CERS MEDIATES – CA – OCT 2014
- Posted by CERC India
- Posted in monthly
We strive to resolve consumer complaints through mediation before we resort to legal action. If you have a complaint, email it to:
firstname.lastname@example.org Given below are a few of the complaints resolved recently.
POLICY NOT CLEAR
Insurance firm persuaded to shell out bonus
Insurance companies cite varied reasons for not settling mediclaims. Vinodrai Shah had a Bhavishya Aarogya Policy from New India Assurance Co. Ltd. since 1991. The total sum insured was Rs. 50,000. As per the policy he was entitled to a maximum of Rs. 20,000 per year for any one illness/injury. In 2007 and 2010, Vinodrai made claims for Rs. 20,000 each. In March 2013, he underwent a cataract operation incurring a total expenditure of Rs. 24,000. As per rules, he expected Rs. 20,000 to be added as bonus to the sum insured making it Rs. 70,000. He was shocked when his claim was partially passed and he received only Rs. 11,000.
Vinodrai sent several mails and contacted the New India Assurance office to find out why his claim was not sanctioned. The company said that as soon as there is a claim made within 10 years of risk commencement, the bonus becomes null and void. Since no such condition was mentioned in the policy document, Vinodrai decided to confront the company and get his due. He wrote to CERS asking for help. CERS sent several reminders to the company. Vinodrai got the balance Rs. 9,000 within 45 days of approaching CERS.
Samsung LED TV screen gets patchy, consumer gets a replacement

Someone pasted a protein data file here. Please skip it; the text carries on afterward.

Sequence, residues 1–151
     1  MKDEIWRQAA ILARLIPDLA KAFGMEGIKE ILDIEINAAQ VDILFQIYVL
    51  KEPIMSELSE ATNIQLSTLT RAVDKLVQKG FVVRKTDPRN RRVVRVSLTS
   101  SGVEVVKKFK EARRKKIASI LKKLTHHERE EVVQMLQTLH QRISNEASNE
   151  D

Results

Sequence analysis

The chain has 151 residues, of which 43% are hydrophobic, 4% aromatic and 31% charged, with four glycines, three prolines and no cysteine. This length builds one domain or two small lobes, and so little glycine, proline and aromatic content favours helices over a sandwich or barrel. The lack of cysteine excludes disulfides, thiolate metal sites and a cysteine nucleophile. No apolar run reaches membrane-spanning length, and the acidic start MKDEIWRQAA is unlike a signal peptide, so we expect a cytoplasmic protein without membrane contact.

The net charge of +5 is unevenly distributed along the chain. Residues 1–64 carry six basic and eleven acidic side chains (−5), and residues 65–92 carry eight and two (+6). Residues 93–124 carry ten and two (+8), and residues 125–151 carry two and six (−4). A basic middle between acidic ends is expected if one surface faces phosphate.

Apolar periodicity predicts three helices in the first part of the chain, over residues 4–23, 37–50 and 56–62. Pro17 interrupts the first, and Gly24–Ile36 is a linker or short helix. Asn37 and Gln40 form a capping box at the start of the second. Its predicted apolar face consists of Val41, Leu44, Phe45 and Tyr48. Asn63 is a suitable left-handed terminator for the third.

Aiyub Patel from Mumbai purchased a Samsung LED TV from Croma for Rs. 2,20,249. To his dismay, within a year, big white patches started appearing on the screen. When he complained to the company, he was told that it was common and would become all right on its own. Unhappy, Aiyub pursued the matter with higher authorities who agreed to change the display panel. Meanwhile, he was not able to access any device via the TVâ€™s WiFi. Moreover, even after change of panel, the patches continued to appear. Aiyub complained to the company again. Its technical personnel made six visits to his house but were unable to solve the problem.
Fed up, Aiyub approached CERS, which contacted Croma. It immediately swung into action. Samsungâ€™s engineers inspected the TV and said the patches were a result of â€˜cloud effectâ€™ and appear when there is no lighting in the room. The WiFi connectivity was due to a defect in the internal unit of the TV which would be replaced for a charge. CERS continued to persuade the company to replace the defective TV. Two months of constant follow-up resulted in Aiyub getting a replacement.
Axis Bank accepts credit card goof-up, reverses deduction
Tarun Kumar Gupta was shocked to see that his salary account at Axis Bank had a lien balance of Rs 4 lakh and Rs. 48,368 was debited from the account. On inquiring, a bank official told him that the lien was for a credit card payment which was due. But, Tarun had neither requested nor received a credit card from the bank. Several mails were exchanged. After a year of waiting, Tarun wrote to the Banking Ombudsman. He was told in a letter that the transaction could not be considered fraudulent. The letter also explained that Tarun should have notified the bank within 21 days of receipt of the credit card statement that he had not made such a transaction.
Tarun was appalled at the response. He had not got a statement since he did not have a card! He wrote to the bank that the address mentioned in the credit card was in Mumbai where he had never resided. Frustrated, Tarun also sought CERS intervention. Finally, the two-year ordeal came to an end when within three months the lien against his account was removed and Rs. 48,368 credited. Because of CERSâ€™ persuasive efforts, Axis Bank agreed to pay Tarun interest and issued a â€˜no duesâ€™ clearance. Also, it rightly removed the credit card incident from his Credit Information Bureau India Ltd. (CIBIL) record.